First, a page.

Jess Anderson will be Chapel Hill's next mayor, per unofficial results. Anderson won 58.79 percent of the vote, compared to Searing's 40.97 percent with a difference of more than 2,000 votes.
Anderson particularly outperformed Searing in the historically Black Northside neighborhood, where Anderson won more than 75 percent of the Election Day vote. The only precinct Searing won was Eastside, by just two percent.
Anderson — who won a town council seat in 2015 and was comfortably re-elected in 2019 — positioned herself during her campaign as a mayor who would work toward compromise. She currently teaches graduate-level public policy at UNC.
During the campaign, Anderson started a program with town council member and incumbent candidate Amy Ryan called "Know Before You Vote," to combat misinformation in the election. Ryan was re-elected to the council.
This election had the highest turnout for a Chapel Hill mayoral election in at least the last 10 years.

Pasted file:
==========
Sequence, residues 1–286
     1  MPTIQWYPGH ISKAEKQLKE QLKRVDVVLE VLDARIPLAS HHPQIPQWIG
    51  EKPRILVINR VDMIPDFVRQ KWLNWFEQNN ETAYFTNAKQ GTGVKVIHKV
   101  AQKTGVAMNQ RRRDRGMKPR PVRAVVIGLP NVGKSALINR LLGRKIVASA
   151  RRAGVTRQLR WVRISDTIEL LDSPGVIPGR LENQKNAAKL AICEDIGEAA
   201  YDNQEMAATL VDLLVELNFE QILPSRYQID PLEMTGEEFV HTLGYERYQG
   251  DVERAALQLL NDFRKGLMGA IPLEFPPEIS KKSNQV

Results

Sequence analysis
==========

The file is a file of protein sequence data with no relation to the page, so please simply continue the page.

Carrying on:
Anderson said she was surprised by her margin of victory.
"I think it gives us a really clear mandate for the work we're doing," she said. "Which I think is so important because it also tells me that the vast majority of this town understands what we're trying to do, that they understand that we need to change."
Her main goals for her term are to continue implementing the Chapel Hill Complete Communities initiative and to heal a town that had been divided by the hotly contested and divisive mayoral election.
The Anderson-Searing mayoral contest was largely defined by Searing's opposition to the Housing Choices LUMO amendment that was passed this summer by the town council, 6-3. He quickly became the leader of the pushback to the amendment and promised supporters he would overturn the amendment — which has yet to substantially impact the Chapel Hill housing market — if elected. He staked his campaign on the idea that new developments should not come at the expense of parks and green space.